Alignment by numbers: sequence assembly using compressed numerical representations

A Tapinos, B Constantinides, DB Kell, DL Robertson

    Research output: Contribution to journalArticlepeer-review


    Motivation: DNA sequencing instruments are enabling genomic analyses of unprecedented scope and scale, widening the gap between our abilities to generate and interpret sequence data. Established methods for computational sequence analysis generally use nucleotide-level resolution of sequences, and while such approaches can be very accurate, increasingly ambitious and data-intensive analyses are rendering them impractical for applications such as genome and metagenome assembly. Comparable analytical challenges are encountered in other data-intensive fields involving sequential data, such as signal processing, in which dimensionality reduction methods are routinely used to reduce the computational burden of analyses. We therefore seek to address the question of whether it is possible to improve the efficiency of sequence alignment by applying dimensionality reduction methods to numerically represented nucleotide sequences. Results: To explore the applicability of signal transformation and dimensionality reduction methods to sequence assembly, we implemented a short read aligner and evaluated its performance against simulated high diversity viral sequences alongside four existing aligners. Using our sequence transformation and feature selection approach, alignment time was reduced by up to 14-fold compared to uncompressed sequences and without reducing alignment accuracy. Despite using highly compressed sequence transformations, our implementation yielded alignments of similar overall accuracy to existing aligners, outperforming all other tools tested at high levels of sequence variation. Our approach was also applied to the de novo assembly of a simulated diverse viral population. Our results demonstrate that full sequence resolution is not a prerequisite of accurate sequence alignment and that analytical performance can be retained and even enhanced through appropriate dimensionality reduction of sequences.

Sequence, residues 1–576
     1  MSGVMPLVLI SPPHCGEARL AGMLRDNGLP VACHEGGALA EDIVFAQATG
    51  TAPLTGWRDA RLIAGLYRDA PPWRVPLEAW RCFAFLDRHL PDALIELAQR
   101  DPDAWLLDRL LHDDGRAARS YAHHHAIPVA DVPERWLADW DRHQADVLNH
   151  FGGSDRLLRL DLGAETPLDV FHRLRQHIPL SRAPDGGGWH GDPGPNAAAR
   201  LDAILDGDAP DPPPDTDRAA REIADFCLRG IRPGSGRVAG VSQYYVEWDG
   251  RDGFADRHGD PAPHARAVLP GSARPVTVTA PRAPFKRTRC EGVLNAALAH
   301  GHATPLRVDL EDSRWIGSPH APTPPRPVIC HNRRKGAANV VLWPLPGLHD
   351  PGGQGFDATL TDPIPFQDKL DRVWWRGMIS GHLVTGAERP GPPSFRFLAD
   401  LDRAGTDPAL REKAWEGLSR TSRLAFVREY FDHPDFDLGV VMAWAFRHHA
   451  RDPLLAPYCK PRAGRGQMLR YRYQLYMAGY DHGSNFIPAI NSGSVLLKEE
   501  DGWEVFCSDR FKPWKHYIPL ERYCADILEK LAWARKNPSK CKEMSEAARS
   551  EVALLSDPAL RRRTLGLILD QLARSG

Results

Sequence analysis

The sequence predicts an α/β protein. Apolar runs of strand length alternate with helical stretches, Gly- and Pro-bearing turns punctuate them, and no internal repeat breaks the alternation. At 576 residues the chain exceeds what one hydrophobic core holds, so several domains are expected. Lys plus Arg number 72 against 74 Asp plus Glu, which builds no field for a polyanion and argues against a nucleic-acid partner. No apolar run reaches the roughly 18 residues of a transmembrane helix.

Original languageEnglish
    Publication statusPublished - 27 Jan 2015


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